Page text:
Atlanta Braves: Re-Analyzing the Left Field Situation
I’m sure most of you have been in the following situation: You make a decision, it turns out bad, and when you look back at it you realize that you overlooked a major factor which likely led to your bad decision.
Well that’s how I feel about the Atlanta Braves left-field situation right now.
After an offseason of speculating players, platoons, and positions, I realize that I overlooked an obvious solution from the beginning: Eric Hinske.
Signed to be a utility player and pinch hitter, I (along with most others, I assume) never really looked at Hinske as a viable candidate to start in the outfield. The Braves obviously felt the same way, as Hinske started off the year on the bench, pinch hitting in almost every game.
But going through Hinske’s career numbers last night, I realized that if I was given stats (and not names) to choose from, I would have chosen Hinske to platoon in left field with Matt Diaz.
Before getting into the discussion on Hinske and Melky Cabrera, I just want to discuss Diaz for a second. I know he is off to a terrible start this year (like Melky and Nate McLouth), but his career numbers vs. lefties are .303/.351/.524, and those easily make him the best option against left-handed pitchers.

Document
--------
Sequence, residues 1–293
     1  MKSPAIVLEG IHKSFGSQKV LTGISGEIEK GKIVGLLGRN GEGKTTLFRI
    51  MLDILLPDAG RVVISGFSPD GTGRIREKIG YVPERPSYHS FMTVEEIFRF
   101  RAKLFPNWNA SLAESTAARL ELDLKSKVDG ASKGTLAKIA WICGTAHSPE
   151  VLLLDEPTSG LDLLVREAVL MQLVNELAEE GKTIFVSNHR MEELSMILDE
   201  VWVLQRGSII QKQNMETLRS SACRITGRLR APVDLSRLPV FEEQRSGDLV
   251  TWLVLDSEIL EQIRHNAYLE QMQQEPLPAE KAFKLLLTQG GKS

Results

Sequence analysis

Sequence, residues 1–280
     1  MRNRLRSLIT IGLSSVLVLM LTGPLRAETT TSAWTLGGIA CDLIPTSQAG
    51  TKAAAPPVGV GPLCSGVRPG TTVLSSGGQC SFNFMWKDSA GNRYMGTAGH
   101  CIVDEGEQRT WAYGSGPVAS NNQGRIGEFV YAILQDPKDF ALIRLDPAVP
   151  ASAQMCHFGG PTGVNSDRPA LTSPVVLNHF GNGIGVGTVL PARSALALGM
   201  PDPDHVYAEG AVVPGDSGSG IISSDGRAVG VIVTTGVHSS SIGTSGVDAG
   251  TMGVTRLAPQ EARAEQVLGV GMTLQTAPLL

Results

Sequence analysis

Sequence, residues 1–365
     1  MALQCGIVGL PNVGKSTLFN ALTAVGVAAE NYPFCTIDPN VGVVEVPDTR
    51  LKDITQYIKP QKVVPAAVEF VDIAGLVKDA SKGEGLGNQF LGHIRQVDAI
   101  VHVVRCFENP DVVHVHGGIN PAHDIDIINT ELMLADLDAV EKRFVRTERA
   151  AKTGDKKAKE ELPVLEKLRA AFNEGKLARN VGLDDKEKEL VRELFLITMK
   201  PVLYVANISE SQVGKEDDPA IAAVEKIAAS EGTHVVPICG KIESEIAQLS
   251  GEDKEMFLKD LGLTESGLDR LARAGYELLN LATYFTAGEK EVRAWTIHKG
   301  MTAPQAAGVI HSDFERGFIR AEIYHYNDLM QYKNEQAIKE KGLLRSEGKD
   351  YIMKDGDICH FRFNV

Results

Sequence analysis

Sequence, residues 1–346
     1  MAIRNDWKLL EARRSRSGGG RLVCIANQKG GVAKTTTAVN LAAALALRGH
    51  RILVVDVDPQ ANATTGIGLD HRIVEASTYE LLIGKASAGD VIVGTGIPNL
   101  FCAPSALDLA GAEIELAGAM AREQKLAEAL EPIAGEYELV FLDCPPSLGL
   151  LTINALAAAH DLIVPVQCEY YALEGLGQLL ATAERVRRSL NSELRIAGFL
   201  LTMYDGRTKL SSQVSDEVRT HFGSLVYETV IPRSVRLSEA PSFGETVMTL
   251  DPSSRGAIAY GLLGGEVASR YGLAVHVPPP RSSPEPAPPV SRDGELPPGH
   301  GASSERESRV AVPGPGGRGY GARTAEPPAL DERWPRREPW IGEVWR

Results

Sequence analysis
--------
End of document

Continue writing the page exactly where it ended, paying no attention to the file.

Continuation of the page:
Since the Cabrera trade, it’s generally been assumed that he would start against right-handed pitchers in a platoon with Diaz. But how do his numbers actually stand up to Hinske’s? Not that well. Here are their career splits against right-handed pitchers.
Melky Cabrera .272/.331/.387
Eric Hinske .264/.348/.458
As you can see, Cabrera has the higher average, but Hinske gets on base more and has a lot more power than Melky.
In a line-up that isn’t designed to manufacture a ton of runs, a player like Hinske, who can drive players on first base in much more frequently, would seem to have more value.
However, Melky does have some intangibles working in his favor. He is 7 years younger than Hinske (25 to 32) and is a switch hitter (although he hasn’t exactly impressed anyone with his .248 career average against left-handed pitchers).
On defense, a place where Melky probably looks a lot better to the naked eye, there really isn’t much difference between the two. Hinske’s career UZR 150 in the outfield (he has only played the corner spots) is 0.4, while Melky’s is—1.9. To be fair, Melky is hurt because he has spent most of his time in centerfield (which is harder to play), but his UZR 150 in left field is only 0.4, which is no better than Hinske’s.
All in all, I think that Hinske is clearly the better option in left field for the Braves. Although they lose their best pinch hitter and a little bit of speed in the lineup, the Braves would have added power which would eventually help create more runs.
Once you throw in the fact that Melky has been ice cold to start 2010, it’s clear that Hinske should be starting the majority of the games in left field.
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